Wednesday, May 18, 2016

Google rth Engine Revled At COP 16

Today at the United Nations’ conference on climate change COP 16 in Cancun, Mexico introduced its latest philanthropic project, the Google rth Engine— an analytics tool for rth scientists and conservationists especially. dubs their product “a planetary-scale platform for environmental data & analysis.” A product web page said:
The Google rth Engine brings together the world’s satellite ry—trillions of scientific msurements dating back more than 25 yrs—and makes it available online with tools for scientists, independent resrchers, and nations to mine [a] massive warehouse of data to detect changes, map trends and quantify differences to the rth’s surface…The srch lder also introduced the Google rth Engine API— only available to approved partners at this time— to help resrchers develop, access and run aorithms on the full rth Engine data archive, using Google’s parallel processing platform.

Some rly Google rth Engine partners mapped surface water in the Congo and crted a granular map of Mexico’s forest cover and water. One scientist, Carlos Souza Jr. of IMAZON, the Amazon Institute of People and the Environment, a non-profit resrch entity, took original satellite ry of Surui indious territory in the southern Brazilian Amazon (, above) then analyzed it using Google rth Engine to revl forest damage in the region (, below).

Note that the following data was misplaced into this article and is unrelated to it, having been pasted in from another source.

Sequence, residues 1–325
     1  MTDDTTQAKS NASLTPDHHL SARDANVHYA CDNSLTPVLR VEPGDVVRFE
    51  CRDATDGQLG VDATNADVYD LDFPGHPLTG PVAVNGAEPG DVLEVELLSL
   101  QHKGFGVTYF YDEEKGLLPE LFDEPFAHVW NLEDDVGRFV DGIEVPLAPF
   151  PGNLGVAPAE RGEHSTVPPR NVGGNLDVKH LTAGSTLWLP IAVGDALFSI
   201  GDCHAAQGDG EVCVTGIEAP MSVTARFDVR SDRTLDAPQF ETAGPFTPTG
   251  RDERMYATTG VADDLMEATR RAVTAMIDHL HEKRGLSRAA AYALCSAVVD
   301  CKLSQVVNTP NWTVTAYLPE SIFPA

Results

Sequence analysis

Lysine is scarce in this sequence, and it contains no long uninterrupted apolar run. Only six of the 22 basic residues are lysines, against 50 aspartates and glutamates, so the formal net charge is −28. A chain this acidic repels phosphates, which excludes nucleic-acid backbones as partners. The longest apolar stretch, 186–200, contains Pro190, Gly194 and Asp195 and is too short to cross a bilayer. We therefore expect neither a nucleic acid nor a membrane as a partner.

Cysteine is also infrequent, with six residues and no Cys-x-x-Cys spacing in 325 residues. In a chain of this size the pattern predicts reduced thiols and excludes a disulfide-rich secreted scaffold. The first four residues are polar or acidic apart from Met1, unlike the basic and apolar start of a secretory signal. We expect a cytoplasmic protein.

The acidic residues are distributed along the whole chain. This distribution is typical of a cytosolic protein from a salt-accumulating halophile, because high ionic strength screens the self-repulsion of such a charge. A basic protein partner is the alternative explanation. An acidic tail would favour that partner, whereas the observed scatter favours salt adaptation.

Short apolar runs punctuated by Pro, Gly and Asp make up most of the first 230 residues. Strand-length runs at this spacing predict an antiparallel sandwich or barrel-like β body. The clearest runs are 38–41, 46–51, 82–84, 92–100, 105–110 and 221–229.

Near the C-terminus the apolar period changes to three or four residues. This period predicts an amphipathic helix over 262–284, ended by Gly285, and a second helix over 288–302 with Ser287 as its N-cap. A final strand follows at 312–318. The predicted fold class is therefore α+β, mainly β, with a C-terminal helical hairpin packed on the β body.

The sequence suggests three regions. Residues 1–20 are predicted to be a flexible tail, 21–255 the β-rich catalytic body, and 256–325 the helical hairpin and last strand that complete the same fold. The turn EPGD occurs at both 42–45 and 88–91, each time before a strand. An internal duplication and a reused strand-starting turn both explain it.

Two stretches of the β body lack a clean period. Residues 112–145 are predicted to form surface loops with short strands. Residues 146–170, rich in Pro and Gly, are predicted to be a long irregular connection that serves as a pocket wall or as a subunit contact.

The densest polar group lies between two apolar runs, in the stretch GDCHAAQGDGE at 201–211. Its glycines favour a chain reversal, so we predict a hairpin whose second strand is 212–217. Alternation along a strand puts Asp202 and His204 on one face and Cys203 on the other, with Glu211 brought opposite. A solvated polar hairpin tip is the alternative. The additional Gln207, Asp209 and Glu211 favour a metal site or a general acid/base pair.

Google envisions their rth Engine and API advancing a of monitoring, reporting and verifiion efforts. Results could be: maps that show where ecosystem services exist and gaps where they are needed, reports that find and illustrate changes in the rth’s surface over time, and visualization of land use trends as agricultural activity shifts in response to water shortages, rising s levels, and other problems that result from climate change.
Countries are rallying to reduce emissions from deforestation and forest degradation in developing nations at COP 16 this yr. Hlthy trees and forests abate climate change, keep the air clner and food supplies stronger, according to the United States Forest Service.Developing nations are (and have alrdy been) most negatively effected by a rise in global temperatures as Kofi Annan, the former U.N. chief and Nobel Prize winner attests here. Keeping forests hlthy in these regions could have a nr-term beneficial impact.In light of the COP 16 initiative, Google plans to donate “10 million CPU-hours a yr over the next 2 yrs on the Google rth Engine platform, to strengthen the capacity of developing world nations to track the state of their forests,” the company announced today.s via Google rth Engine

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